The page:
• Helping staff gain more empathy and insight into the customer experience
  • Optimising the customer experience at various touchpoints
  • Maximising customer value across channels

Step 2
Understand the stages of your customer experience
Start your customer mapping process by defining the behavioral stages a typical customer goes through. You probably have an idea of how a “typical” customer engages with your business. Jot down what you think you know the flow to be. Use a template, many are available online, this is the one we use:

Yellow Icon Customer Journey Map 1
Next, add granularity to each touch-point.

With that in place, bring in customer personas to create a “lens” through which to view the journey. Each persona can have its own map. What you will find is that the map will crystallise where customers get stuck or frustrated on their path to purchase and beyond.

Step 3.
Align customer goals with each stage.

Once you have your buyer persona fleshed out, the next step is to dig deep and understand what each of them hopes to achieve as they go through the customer journey.

Don’t guess. Use the data you have and run surveys, interview customers, carry out mystery shopping, do user testing.

Step 4.
Plot the touch-points.
A “touch-point” refers to any time a customer comes into contact with your brand – before, during, or after they purchase something from you. This also includes moments that happen offline/online, through marketing, in person, or over the phone.

Because there are so many different ways for customers to experience your brand, the idea of figuring out all potential touch-points may seem daunting at first. Make it easier. Put yourself in your customer’s shoes and walk through their journey step-by-step.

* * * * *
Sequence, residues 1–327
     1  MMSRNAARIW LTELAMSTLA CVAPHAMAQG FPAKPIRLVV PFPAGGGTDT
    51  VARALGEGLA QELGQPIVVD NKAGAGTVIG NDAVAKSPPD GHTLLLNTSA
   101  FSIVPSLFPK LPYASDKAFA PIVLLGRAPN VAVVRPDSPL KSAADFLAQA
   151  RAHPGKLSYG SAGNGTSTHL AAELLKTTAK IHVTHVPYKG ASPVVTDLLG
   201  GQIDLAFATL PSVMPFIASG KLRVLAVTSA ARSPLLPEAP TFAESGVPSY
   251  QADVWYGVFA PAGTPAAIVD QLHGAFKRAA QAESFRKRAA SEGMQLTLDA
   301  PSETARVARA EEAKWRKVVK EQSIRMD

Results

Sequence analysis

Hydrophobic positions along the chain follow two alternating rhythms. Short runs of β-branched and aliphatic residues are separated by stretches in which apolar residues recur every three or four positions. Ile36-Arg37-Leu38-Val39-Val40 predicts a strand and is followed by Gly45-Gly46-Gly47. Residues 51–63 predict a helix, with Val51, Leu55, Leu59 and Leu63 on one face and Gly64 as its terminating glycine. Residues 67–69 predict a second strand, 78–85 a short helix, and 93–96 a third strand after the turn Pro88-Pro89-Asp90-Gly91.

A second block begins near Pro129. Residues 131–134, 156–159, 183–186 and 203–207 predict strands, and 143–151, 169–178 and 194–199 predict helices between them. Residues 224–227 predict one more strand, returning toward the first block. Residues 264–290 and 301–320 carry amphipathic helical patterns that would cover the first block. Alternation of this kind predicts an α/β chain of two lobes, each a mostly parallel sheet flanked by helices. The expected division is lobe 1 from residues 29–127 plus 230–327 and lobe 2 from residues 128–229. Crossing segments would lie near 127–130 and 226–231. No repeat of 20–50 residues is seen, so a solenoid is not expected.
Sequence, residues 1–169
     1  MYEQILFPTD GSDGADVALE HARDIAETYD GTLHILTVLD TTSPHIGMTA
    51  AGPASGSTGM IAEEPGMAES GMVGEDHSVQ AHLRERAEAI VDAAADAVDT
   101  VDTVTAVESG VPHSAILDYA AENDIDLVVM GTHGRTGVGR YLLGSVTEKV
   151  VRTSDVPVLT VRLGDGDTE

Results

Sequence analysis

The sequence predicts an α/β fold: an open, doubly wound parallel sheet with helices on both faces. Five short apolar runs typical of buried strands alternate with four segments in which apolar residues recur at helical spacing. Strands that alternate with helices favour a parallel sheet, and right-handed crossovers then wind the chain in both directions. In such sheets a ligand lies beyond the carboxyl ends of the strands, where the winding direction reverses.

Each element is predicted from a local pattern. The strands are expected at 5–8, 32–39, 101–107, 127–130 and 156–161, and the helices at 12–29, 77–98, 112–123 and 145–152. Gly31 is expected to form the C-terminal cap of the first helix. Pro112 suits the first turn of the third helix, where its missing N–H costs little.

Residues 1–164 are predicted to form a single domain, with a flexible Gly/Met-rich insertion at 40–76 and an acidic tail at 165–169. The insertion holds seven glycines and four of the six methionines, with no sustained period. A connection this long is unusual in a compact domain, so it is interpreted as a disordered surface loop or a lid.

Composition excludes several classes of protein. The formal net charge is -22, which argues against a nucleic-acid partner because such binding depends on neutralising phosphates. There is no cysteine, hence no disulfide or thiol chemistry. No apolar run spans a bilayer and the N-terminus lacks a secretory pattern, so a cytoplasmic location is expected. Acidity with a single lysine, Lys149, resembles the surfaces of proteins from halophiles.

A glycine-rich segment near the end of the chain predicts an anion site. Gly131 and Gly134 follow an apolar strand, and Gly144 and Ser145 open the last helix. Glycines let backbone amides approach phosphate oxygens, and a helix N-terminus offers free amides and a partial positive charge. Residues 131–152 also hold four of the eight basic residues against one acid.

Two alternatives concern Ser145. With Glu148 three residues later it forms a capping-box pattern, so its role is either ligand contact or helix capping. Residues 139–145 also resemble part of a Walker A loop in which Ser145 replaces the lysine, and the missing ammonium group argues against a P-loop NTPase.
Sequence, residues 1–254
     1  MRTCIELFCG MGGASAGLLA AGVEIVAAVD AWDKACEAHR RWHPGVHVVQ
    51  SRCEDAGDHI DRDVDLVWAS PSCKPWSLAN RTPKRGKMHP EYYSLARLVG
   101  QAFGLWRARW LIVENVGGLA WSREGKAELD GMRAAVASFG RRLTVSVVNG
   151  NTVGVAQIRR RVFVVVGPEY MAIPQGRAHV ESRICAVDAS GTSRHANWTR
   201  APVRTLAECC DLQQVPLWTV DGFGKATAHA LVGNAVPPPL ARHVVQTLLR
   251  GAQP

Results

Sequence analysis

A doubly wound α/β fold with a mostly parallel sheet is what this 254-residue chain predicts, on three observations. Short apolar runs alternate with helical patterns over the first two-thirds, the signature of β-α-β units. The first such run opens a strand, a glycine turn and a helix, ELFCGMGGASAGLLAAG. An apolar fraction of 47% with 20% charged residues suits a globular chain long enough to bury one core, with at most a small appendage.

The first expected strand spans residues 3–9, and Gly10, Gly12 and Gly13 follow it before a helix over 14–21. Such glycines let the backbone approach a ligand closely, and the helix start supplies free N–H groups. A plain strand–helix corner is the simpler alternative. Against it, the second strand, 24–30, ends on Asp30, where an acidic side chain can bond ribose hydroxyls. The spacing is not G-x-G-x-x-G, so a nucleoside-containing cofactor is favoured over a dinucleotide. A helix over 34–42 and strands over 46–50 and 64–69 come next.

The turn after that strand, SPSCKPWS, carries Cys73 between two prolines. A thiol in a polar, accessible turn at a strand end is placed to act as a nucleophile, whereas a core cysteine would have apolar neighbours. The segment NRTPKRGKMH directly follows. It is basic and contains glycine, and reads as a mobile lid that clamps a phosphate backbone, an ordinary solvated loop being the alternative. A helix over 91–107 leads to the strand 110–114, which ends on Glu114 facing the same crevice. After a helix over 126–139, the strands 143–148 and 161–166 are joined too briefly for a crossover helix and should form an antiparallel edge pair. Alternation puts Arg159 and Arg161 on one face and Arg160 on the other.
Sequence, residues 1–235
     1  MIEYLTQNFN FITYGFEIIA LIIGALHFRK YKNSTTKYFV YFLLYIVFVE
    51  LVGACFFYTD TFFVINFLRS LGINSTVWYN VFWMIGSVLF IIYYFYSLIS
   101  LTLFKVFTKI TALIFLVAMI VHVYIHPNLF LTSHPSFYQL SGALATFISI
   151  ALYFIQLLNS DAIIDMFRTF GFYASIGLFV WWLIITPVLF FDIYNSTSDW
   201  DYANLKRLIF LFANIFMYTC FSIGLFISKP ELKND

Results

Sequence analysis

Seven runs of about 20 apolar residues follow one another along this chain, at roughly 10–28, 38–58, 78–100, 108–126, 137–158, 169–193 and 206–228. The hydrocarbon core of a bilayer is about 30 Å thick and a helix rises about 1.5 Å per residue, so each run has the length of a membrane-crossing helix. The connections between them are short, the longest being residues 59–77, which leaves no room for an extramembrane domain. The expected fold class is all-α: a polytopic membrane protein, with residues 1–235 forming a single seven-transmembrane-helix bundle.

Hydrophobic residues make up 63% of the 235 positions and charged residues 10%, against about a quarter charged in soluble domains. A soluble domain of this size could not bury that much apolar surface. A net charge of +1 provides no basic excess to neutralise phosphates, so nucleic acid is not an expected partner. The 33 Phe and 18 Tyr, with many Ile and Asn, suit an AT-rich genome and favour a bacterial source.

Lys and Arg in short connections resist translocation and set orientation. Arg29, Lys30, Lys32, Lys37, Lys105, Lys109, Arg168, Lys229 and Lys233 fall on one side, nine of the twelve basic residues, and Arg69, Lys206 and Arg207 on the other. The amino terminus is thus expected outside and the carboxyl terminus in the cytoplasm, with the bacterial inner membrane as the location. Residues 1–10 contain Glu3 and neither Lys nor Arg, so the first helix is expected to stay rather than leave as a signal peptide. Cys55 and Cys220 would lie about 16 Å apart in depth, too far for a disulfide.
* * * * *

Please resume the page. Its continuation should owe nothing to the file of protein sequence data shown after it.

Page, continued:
Step 5.
Determine if customers achieve their goals
At this point, it’s time to bring together all your data (both quantitative and qualitative) and look at the big picture to identify potential roadblocks or pain points in the customer journey. (Don’t forget to note down areas where you’re currently doing things right!). Once you know where the roadblocks and pain points are, mark them down on your customer journey map.

Step 6.
Recommend, change and measure success.
To close the gaps between existing and ideal journey, make sure that you identify a number of relevant initiatives which can be implemented as a phased approach. Customer journey maps need to be actionable, measurable and dynamic. This allows you to ensure their effectiveness and determines success.

The following are examples of the kind of CX metrics you may want to employ in your mapping exercise:

  • Net Promoter Score (NPS): Measures customer loyalty by asking buyers on a scale of 1-10, how likely it is that they would recommend your product/service to others.
  • Customer Satisfaction (CSAT): Asks how satisfied customers are with a recent interaction (i.e. customer service call, purchase).
  • Customer Effort Score (CES): Checks in with a customer to see how easy (or not) getting an answer to a question was.

Conclusion
Taking the time to understand as much as you can about your customers’ goals and how they engage with you can go a long way toward keeping them happy. It will also grow your business.

Want some help? Give us a call today to help you start more and build better.